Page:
Cortical layer V interneurons are diverse not only in their electrophysiological firing properties and axonal arborizations but also in their responsiveness to ACh. Nicotinic receptor-mediated cholinergic excitation of LTS cells was probably mediated by an increase in a mixed cation conductance, similar to that found during nicotinic responses in neurons of other brain regions (19–21). In contrast, the muscarinic inhibition of FS interneurons appeared to be mediated by an increase in a potassium conductance, similar to that reported during muscarinic hyperpolarization of other GABA-containing neurons (20–22). Cholinergic excitation of cortical interneurons has been attributed predominantly to activation of muscarinic receptors (23–26). However, nicotinic excitation of GABA-containing interneurons may also contribute to cortical cholinergic inhibition (23,27). In contrast to our results, bath application of muscarine is reported to have no effects on FS cells in rat frontal cortex (25). This discrepancy could be due to different drug application methods (puff versus bath) or to varieties in cholinergic responsiveness of interneurons in visual versus frontal cortex.

We have demonstrated a selective cortical muscarinic disinhibition; that is, ACh hyperpolarizes a specific type of inhibitory interneuron, FS cells in layer V, resulting in disinhibition of their pyramidal cell targets. Layer V FS interneurons form functional synapses on layer V pyramidal cells (6, 16). Activation of the cortical cholinergic system could thus reduce at least some forms of intralaminar inhibition and, together with direct muscarinic depolarization of layer V pyramidal cells (23,24), increase pyramid-pyramid recurrent excitation and enhance the intralaminar transfer of information between the cortical columns. Under pathophysiological conditions, a consequence of these actions might be to decrease “surround” inhibition (28) and increase the lateral spread of epileptiform discharge. By contrast, nicotinic excitation of LTS cells whose axonal arbors are distributed to upper layers (layers II/III and even I) (Fig. 1) (8) would promote intracolumnar inhibition and enhance the inhibitory control of specific excitatory synaptic inputs to the pyramidal cells. Differential modulation of subgroups of inhibitory interneurons by ascending cholinergic or other neurotransmitter systems thus provides a substrate for fine control of information flow in cortical networks.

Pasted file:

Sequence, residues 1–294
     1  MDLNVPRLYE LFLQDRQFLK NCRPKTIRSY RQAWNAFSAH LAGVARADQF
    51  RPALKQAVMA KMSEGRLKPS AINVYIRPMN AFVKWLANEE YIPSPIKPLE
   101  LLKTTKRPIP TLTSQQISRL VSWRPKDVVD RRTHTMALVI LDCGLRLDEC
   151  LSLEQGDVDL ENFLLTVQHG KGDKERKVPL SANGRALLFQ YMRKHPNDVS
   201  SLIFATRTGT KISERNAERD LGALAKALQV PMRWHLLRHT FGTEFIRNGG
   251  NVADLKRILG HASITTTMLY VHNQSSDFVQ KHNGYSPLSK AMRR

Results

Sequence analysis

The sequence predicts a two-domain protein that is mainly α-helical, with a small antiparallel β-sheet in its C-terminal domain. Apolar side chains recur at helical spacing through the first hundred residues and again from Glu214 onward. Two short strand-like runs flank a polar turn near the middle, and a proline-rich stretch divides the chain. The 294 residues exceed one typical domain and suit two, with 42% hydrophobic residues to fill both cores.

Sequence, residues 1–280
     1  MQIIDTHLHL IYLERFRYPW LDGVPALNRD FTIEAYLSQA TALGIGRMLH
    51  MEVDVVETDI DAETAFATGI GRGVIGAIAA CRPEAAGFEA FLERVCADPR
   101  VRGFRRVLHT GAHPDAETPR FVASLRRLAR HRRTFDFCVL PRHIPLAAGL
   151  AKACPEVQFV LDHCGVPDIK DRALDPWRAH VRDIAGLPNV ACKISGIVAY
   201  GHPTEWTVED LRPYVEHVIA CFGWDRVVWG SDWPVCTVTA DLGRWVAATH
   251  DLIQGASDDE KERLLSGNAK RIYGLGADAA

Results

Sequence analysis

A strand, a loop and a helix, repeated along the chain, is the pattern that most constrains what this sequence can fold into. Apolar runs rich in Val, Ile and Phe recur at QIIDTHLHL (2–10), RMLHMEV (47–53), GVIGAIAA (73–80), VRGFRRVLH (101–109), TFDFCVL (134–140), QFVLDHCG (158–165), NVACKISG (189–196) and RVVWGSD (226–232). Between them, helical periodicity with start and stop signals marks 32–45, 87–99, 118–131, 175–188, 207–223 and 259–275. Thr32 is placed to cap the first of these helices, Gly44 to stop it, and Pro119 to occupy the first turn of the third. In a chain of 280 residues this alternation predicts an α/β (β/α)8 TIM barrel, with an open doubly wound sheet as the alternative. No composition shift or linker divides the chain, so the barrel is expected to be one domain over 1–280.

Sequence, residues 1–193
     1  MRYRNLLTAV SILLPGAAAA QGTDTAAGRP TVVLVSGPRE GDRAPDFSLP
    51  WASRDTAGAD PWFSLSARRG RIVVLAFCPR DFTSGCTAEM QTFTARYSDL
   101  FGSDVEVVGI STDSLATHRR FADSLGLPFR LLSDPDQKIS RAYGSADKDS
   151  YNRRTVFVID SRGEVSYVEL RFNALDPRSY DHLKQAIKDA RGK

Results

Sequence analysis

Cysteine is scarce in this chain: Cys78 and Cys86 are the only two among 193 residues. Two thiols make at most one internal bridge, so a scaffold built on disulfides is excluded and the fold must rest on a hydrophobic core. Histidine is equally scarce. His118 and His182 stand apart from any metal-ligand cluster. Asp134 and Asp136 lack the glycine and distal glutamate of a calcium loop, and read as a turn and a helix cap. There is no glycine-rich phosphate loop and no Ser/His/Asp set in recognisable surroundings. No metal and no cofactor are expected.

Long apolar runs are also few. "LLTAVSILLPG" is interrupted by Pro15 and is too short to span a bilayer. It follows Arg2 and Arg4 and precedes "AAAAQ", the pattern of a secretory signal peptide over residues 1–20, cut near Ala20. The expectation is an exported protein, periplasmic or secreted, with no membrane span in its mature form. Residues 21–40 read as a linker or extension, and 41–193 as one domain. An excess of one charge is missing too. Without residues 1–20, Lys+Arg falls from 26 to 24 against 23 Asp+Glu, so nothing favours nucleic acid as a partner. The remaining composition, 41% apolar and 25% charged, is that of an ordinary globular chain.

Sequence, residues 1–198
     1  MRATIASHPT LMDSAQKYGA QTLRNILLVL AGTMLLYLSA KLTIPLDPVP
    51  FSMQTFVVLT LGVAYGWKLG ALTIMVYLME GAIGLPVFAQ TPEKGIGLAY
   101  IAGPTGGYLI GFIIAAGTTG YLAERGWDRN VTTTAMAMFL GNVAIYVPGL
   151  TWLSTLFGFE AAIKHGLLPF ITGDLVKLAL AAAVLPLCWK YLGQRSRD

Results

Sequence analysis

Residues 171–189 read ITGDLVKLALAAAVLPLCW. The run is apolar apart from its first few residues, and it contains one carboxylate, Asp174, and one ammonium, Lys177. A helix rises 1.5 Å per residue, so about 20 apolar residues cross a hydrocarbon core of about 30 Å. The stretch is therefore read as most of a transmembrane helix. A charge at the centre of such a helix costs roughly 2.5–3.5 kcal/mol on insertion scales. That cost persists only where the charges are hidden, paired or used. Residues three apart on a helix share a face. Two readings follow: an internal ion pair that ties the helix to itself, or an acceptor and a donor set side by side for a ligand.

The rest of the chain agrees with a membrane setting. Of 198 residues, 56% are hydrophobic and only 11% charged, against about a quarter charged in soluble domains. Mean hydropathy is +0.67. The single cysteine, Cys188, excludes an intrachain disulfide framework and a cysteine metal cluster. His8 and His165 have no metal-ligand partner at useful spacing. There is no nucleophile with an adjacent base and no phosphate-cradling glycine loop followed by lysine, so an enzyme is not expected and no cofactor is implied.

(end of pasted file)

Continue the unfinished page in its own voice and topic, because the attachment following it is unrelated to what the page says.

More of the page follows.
• * To whom correspondence should be addressed. E-mail: daprince{at}leland.Stanford.edu